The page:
Treasury Secretary Timothy Geithner forcefully denied the claim in a book by Ron Suskind that he ignored a request from the President to work up a plan to dissolve Citigroup. He further added that the entire theme of the book, about infighting in the White House over economic policy issues, bears “no resemblance to reality.”

Treasury Secretary Timothy Geithner on Monday dismissed a new book about the Obama administration’s handling of the economic crisis as an account full of “sad little stories.”

Geithner said Pulitzer Prize-winning journalist Ron Suskind’s Confidence Men: Wall Street, Washington and the Education of a President, written about backfighting in the administration, bears “no resemblance to the reality” of the situation, and fired back at its assertion he ignored an order from President Obama [...]

“Absolutely not,” Geithner said. “I would never contemplate doing that.”

“I haven’t read this book, but — to borrow a phrase — I lived the reality,” Geithner said. “Reports about this book bear no resemblance to the reality we lived.”

Amping up the war against Suskind’s book, White House Press Secretary Jay Carney highlighted a handful of passages where dates or job titles or other facts in the book are incorrect. He even cited a sentence about Fannie Mae that echoed a Wikipedia entry.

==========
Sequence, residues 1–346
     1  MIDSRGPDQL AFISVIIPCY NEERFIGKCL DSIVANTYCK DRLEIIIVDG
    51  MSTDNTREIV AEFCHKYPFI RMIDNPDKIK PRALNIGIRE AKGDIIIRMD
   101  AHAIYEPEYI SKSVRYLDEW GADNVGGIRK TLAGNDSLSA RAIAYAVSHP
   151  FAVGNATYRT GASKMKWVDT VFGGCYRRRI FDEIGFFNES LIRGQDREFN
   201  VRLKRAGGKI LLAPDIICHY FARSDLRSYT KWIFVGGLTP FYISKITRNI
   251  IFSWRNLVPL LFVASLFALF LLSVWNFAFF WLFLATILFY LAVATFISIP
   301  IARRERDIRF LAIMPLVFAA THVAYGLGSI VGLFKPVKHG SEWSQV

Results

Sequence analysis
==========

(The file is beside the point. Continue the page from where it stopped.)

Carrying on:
It should be noted that Suskind had the cooperation of the White House in reporting the book. He didn’t write a Kitty Kelly kind of unauthorized biography. There are interviews with the President and virtually his entire staff in the book. The White House may not like the end result, but they did participate in the book’s creation. After the fact, many people quoted in the book are accusing Suskind of hearsay. He had to get the quotes from somewhere.

Furthermore, this nitpicking over dates and such appears to be a mask for more fundamental issues of White House dysfunction and even allegations of sexism reported in the book.

These palace intrigue books do tend to generate a hyper-real version of history. But they also tend to reveal some larger truths. It’s clear that the Obama Administration entered extremely unfamiliar territory at the top of its term, and that the cast assembled to deal with it didn’t have the best handle on how to do so. They were budget-cutters and deficit-watchers in an era of a shortfall in aggregate demand. And there were big egos that clashed repeatedly. So the portrait that emerges shouldn’t elicit any surprise.

Frank Rich and Adam Moss have read the book, and they discuss it at length here. Larry Summers comes off like a real nut, apparently.